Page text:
Instead, you’ll pick up quest items that you’ll use to, for example, swat a bug to help engineers with their work or trade quinoa for a coffee with a Google executive. You won’t have to worry about your inventory either, with all the items you pick up only good for one use; though, the game does hold your hand a little in this respect. Puzzle-solving does feel a little paint-by-numbers throughout, as the game automatically chooses the correct item for you to use or, if you don’t have the item you need, you’ll just be told that you can’t do anything. It’s clear that the game is walking a tightrope in trying to develop challenging and thought-provoking puzzles while making the game accessible for everyone, though the feeling that the game trusts you to know what the best thing to do is very rare indeed.
But gameplay and environment are mere props for Google’s Text Adventure, with the story that unfolds executing a masterstroke of simplicity while leaving you with a teasing thought that the game has been dealing with something much larger throughout your time playing. Because while it may look like all you’re doing is walking around and finding the rest of the letters to make the word â€œGoogleâ€, it’s more about the identity crisis of the company and the journey it undertakes to make itself whole once again.
It’s sewn into the very nature of your quest, starting off isolated and scared, with only the memory of those now lost fragments of your person to push you on. It’s in the way you reclaim those parts of yourself, encountering the very issues that have played a role in the fractured nature of Google’s place in the world, and every letter you find feels like you’re â€“ not simply putting it back together â€“ but reassembling Google into something new. More than anything else, Google’s Text Adventure plays out like a road trip of the self, as you help the little company that could find its new place in the world. Either that or you’re just finding the letters hidden around the campus to recreate the word â€œGoogleâ€, who’s to say?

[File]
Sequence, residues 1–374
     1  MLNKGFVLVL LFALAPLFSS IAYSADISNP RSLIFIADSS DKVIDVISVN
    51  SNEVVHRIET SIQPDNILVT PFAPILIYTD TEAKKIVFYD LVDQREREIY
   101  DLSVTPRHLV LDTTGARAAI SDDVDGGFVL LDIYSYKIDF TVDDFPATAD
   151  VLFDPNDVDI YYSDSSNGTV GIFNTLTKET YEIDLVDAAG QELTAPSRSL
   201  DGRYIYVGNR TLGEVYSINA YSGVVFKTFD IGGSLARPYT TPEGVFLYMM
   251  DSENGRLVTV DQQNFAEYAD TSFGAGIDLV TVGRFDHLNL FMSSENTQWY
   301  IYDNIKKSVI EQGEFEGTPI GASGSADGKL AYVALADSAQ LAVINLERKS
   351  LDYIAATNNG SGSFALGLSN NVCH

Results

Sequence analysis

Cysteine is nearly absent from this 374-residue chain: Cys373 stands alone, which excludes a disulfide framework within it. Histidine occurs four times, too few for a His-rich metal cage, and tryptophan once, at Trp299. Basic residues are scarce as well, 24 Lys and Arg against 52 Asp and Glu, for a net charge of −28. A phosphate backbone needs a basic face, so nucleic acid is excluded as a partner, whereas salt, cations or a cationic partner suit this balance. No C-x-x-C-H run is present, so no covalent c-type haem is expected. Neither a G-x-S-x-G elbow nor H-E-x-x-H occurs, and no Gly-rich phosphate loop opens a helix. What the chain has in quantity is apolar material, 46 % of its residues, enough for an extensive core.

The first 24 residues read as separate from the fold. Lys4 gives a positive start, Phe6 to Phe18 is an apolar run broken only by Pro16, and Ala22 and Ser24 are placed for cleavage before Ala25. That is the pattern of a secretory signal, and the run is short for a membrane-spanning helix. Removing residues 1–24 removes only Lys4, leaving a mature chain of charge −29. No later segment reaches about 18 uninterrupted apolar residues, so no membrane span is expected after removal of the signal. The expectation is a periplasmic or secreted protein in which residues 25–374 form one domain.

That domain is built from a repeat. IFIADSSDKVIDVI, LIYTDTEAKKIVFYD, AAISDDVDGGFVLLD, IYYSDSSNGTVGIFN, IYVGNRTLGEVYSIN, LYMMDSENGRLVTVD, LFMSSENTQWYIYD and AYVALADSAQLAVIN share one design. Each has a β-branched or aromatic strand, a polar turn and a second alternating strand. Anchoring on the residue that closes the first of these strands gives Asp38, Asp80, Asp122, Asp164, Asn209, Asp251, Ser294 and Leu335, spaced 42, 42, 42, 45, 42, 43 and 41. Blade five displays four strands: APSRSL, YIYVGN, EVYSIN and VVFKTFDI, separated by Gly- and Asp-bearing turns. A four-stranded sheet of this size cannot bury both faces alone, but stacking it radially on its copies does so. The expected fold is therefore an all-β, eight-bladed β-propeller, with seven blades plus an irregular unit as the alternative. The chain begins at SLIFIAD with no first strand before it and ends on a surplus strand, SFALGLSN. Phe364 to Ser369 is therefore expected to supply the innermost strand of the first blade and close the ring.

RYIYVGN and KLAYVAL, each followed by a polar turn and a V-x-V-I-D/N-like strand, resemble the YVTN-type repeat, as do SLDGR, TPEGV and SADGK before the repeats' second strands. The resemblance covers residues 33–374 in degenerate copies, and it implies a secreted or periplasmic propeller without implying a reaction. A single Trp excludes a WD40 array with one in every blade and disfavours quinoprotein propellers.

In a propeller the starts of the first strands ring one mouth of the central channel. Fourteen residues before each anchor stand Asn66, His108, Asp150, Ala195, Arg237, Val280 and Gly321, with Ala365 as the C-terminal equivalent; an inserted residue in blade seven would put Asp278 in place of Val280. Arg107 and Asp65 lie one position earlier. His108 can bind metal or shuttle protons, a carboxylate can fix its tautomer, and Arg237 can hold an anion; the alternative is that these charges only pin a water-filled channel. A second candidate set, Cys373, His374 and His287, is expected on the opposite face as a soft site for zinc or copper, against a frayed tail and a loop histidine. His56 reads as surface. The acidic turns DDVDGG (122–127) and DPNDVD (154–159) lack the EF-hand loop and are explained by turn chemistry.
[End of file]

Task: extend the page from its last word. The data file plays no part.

Google’s Text Adventure may seem basic, but that simplicity has allowed the company to demonstrate how well it can tell a story without the bells and whistles of HD graphics or quick-time events. It’s not the way I thought the company would have officially entered the video game sphere, but the game shows something that no-one really considered amidst the rumours of Google making a console or making games, that they’ve already got the heart that goes into making a game.
- A simple story that demonstrates a lot of deeper thought going on behind the scenes
- Beautiful hand-crafted illustrations
- Charming puzzles that can be enjoyed by everyone
- The game is guilty of not exploring the emotional aspect more when you find a letter
Google’s Text Adventure is rated in the UK or the US. The game doesn’t have too much to worry about, most children will only see the game as a fun game about finding your friends. The feelings of an existential road trip should hopefully only be noticeable to an older audience of children with a devastatingly high IQ.
Disclaimer: This review is nonsense. The game is real but our comments have been wildly exaggerated because we thought it would be funny.